‘Told You So’ Also Used By New York Times As Rishi Sunak About To Be British Prime Minster

This summer and fall have been alive with fascinating political intrigue not only in our mid-term elections but perhaps even more so as the revolving door at 10 Downing Street will soon rotate again.

For the past six weeks, Mr. Sunak has been lying low as his economic predictions have played out at a dizzying speed. Investors balked at Ms. Truss’s widespread tax cuts and increased borrowing; the pound slumped; government borrowing costs soared; the mortgage market was upended; and the central bank had to intervene. After just 44 days as prime minister, Ms. Truss resigned last week with her economic agenda in tatters.

Mr. Sunak’s relatively gloomy attitude over the summer, warnings about inflation and strict adherence to fiscal conservatism may have cost him the opportunity to be named prime minister in September. But less than two months later, these same characteristics and accurate prognosis of the effects of Ms. Truss’s program have eased his pathway to Britain’s top job.

After Boris Johnson, the former prime minister, took himself out of the running on Sunday, Mr. Sunak has cemented his commanding lead in the contest.

Sunday evening The New York Times had their headline go to the same place that I took a Caffeinated Politics post on October 3rd.

Rishi Sunak has the very life story that Tories require if they are to make inroads into the diverse British society. Born to Indian parents who had left East Africa, attended excellent schools, and rose to a high position in the government showcases the fact all are welcome in the nation. And can lead the country.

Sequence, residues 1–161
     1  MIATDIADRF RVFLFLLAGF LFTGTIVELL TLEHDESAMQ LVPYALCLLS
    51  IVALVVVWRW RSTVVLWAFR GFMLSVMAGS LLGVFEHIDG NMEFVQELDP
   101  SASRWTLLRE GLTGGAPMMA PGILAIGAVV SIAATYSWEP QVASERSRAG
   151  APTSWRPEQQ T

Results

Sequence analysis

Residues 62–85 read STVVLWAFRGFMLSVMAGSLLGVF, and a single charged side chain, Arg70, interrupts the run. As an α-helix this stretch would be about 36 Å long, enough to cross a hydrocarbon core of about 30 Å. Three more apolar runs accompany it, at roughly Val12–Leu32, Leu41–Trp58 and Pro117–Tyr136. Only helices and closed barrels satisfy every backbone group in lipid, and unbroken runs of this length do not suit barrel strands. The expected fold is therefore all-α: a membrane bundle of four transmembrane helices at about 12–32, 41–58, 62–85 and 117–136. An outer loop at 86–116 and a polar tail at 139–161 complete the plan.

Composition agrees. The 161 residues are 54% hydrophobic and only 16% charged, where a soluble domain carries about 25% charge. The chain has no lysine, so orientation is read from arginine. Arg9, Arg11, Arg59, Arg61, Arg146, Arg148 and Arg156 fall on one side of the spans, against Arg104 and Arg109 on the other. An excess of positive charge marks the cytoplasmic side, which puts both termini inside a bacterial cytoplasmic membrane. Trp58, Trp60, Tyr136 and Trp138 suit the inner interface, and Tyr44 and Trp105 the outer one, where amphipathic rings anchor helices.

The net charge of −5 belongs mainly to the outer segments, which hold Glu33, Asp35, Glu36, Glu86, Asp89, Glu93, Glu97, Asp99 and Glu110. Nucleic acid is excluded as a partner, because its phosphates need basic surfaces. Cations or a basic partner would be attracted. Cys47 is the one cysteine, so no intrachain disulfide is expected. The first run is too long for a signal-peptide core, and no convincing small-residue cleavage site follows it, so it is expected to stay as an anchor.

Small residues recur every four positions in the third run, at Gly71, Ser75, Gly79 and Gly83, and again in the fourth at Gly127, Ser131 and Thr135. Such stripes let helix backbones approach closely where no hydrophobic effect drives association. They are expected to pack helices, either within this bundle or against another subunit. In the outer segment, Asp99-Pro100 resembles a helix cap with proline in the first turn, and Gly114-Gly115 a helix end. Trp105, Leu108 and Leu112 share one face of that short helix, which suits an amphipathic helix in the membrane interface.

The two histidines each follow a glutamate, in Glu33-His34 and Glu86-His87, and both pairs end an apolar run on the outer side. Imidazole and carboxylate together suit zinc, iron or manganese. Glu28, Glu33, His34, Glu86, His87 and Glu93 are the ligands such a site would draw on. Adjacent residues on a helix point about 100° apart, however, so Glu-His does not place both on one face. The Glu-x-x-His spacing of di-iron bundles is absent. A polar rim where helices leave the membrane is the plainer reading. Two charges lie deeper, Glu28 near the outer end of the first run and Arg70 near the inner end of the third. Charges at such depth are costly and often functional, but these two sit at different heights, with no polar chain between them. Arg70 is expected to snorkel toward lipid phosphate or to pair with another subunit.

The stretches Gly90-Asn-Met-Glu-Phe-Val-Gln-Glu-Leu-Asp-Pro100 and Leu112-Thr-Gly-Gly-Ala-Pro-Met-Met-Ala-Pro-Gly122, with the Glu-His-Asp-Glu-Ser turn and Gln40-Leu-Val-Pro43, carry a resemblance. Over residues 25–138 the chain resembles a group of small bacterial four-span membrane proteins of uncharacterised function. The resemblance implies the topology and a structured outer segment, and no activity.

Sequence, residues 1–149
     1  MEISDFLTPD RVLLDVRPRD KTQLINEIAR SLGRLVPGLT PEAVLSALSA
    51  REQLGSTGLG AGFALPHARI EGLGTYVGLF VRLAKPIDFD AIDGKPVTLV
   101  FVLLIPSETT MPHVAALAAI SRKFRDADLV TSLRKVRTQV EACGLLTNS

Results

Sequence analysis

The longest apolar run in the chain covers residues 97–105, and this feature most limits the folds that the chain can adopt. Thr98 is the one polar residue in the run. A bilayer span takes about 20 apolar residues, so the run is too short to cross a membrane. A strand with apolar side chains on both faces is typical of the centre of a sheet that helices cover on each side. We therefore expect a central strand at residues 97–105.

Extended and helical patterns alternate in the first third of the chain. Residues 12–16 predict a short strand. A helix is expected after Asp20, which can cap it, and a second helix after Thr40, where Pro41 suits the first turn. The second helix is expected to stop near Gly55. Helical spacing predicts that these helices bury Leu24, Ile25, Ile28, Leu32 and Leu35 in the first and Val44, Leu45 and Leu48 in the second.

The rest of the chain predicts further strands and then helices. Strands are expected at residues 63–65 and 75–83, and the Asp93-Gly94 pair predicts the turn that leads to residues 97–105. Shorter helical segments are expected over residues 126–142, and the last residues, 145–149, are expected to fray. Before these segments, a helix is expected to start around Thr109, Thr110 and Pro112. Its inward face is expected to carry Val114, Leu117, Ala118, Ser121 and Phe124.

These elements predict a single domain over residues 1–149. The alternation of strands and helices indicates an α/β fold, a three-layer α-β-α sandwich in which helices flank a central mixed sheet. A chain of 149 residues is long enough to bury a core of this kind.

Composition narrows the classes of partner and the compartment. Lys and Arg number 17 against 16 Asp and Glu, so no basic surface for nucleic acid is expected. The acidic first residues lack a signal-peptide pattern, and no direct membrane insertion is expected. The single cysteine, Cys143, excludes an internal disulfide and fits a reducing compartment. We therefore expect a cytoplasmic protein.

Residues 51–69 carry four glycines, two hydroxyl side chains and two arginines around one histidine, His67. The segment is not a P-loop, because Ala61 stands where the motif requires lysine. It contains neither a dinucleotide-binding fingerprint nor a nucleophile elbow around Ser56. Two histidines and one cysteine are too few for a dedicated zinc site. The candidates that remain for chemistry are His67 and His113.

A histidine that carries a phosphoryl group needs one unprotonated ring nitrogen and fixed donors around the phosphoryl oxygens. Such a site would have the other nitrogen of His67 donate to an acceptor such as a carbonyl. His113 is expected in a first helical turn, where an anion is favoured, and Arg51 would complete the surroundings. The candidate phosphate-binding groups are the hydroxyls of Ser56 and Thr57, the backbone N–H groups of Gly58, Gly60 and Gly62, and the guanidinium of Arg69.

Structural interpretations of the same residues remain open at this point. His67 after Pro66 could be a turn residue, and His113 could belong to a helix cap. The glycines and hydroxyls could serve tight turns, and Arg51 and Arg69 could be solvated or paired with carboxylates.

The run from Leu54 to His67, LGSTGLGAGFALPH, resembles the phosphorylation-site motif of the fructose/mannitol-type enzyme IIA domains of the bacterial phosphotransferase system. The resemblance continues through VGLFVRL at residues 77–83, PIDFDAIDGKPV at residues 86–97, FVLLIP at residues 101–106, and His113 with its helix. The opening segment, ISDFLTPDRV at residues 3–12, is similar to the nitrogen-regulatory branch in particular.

Conservative leadership need not be grounded in the harsh racism and stale models of the past. The Tories made a colossal error in supporting Johnson and then the ludicrous Liz Truss and now must step high and higher to get past the detritus that resulted from their actions.

I have said it before this year, and do so again. The Tories can do no better at this time than embrace Rishi Sunak.

He is going into Monday’s crucial Tory deadline in a commanding position, hoovering up scores of MP nominations and seemingly the clear choice of the parliamentary party. His new-found supporters include several big Tory figures who might have been expected to back Boris Johnson–who fled the political contest Sunday knowing his bridges are burned. Many conservatives were reported saying about Johnson that he was a “guaranteed disaster.”

I have supported Sunak since Johnson resigned from 10 Downing Street. I can support a strong conservative when they are intelligent and reasoned. I need not agree on policy in all or even many instances, but instead see the larger mission as one about credibility in government, and when governing. Sunak meets and exceeds that level of competency.

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